ERIN NEGLEY | Staff Writer @ Lancaster Newspapers – Sep 7, 2016
The number of jobs in the tech industry are growing fast and these jobs pay well, yet women aren’t part of the boom.
A majority of girls in elementary school show interest in computer programs, but by the time they’re in high school, that interest is cut in half, according to Girls Who Code, a nonprofit working to close the tech gender gap.
A Girls Code Club in Lancaster will give girls a chance to learn how to design their own website, video game or computer program. They’ll start Sept. 17, meet monthly and finish their coding club with a week-long summer camp next year. Lancaster Science Factory is offering the club in partnership with Lancaster CoderDojo and Ladies Technically Speaking.
“There is a great need for girls to get excited about computer science,” said Elyse Ewing, a software developer who will teach the club.
“The facts are simple; we are not doing enough to support our female computer science students. In the past 20 years, girls’ participation in computer science has dropped by more than 40 percent.”
The club started after Lancaster Science Factory staff recognized the need to get more girls interested in computer science. They looked for funding and the coding camp came together with the help of the partner groups, said Bob Herbert, museum director of operations.
The science factory had offered a make-it-yourself workshop in the past where children made video games and websites and had coding on the agenda for summer camp.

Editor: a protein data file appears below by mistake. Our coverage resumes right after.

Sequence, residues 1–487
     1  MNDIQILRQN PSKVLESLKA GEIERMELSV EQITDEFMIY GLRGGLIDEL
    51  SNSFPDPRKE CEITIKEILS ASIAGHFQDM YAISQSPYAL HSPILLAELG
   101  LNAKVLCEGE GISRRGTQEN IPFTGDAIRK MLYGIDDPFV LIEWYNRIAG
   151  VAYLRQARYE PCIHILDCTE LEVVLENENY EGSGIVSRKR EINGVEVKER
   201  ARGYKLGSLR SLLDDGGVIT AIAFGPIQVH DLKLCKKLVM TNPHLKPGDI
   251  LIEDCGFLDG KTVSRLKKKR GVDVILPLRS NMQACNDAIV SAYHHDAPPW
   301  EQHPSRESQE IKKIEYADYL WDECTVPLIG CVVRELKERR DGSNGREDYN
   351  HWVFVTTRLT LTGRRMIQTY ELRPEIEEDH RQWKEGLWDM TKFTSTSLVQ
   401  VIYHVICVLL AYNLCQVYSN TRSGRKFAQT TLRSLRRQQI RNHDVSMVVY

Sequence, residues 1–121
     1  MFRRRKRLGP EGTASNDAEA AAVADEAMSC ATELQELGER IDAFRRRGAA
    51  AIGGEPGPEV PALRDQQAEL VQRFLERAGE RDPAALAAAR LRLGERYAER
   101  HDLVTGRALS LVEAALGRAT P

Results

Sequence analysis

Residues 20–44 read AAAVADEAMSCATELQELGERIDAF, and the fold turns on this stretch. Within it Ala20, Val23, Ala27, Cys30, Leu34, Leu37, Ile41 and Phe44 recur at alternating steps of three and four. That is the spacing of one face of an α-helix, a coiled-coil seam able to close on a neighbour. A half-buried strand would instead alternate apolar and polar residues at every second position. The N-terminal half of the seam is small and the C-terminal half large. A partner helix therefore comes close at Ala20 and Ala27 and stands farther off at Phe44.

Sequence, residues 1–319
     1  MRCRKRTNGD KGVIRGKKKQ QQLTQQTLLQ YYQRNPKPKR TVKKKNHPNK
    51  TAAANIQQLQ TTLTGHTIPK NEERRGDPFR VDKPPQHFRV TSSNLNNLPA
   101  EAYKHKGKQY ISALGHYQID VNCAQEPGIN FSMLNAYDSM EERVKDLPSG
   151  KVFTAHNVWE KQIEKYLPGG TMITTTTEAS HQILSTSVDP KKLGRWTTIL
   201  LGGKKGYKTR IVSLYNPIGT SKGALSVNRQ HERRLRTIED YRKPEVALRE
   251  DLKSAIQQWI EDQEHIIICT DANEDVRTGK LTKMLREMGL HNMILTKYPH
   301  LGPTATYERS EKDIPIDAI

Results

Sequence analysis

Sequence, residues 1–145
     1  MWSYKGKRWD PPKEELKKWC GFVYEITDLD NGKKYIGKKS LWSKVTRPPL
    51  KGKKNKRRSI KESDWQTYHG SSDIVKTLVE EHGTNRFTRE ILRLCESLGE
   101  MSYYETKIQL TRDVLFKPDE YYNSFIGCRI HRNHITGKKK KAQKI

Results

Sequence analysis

“Having kids learn about computer science fits right into our mission,” he said.
Computer science is important enough for President Obama to mention it in his last State of the Union address, where he proposed giving all students hands-on computer science and math classes. Providing access to computer science is critical for the country to remain competitive in the global economy and strengthen cybersecurity, according to the Office of the White House press secretary.
The Learn to Code movement has encouraged children to learn, too.
Reshma Saujani created Girls Who Code to give computer-science education to women around the country. In a TED talk, she said teaching girls to code socializes children to be brave.
“When the guys are struggling with an assignment, they’ll come in and they’ll say, “Professor, there’s something wrong with my code.” The girls will come in and say, “Professor, there’s something wrong with me.”
“We have to begin to undo the socialization of perfection, but we’ve got to combine it with building a sisterhood that lets girls know that they are not alone.”
There have been many groups offering lessons, sometimes online, with apps available and games.
In Lancaster County, there have been a few options for children to learn to code. For example, Lancaster CoderDojo has classes for children and teens at Manheim Township Library and classes for tweens and teens at Lancaster Public Library.
Schools throughout the county teach coding and last year, at least 10 schools joined the Hour of Code, which challenged children to spend an hour coding.
The Science Factory Girls Code Club will focus on girls because that’s where there’s a need, Herbert said.
The girls will make their own websites or video games based on their interests.
In addition to building confidence and coding skill for girls, organizers also want to build a strong group of coaches and volunteers who want to teach and mentor.
“It’s kind of a two-way street, the kids get to learn the computer coding and then the volunteers and folks helping out in class get to give back,” Herbert said.
The Science Factory also received funding for the club from QVC, Dart Foundation, Kalas Sylvin Foundation, First Nonprofit Foundation and the Junior League of Lancaster.
Via @ Lancaster Online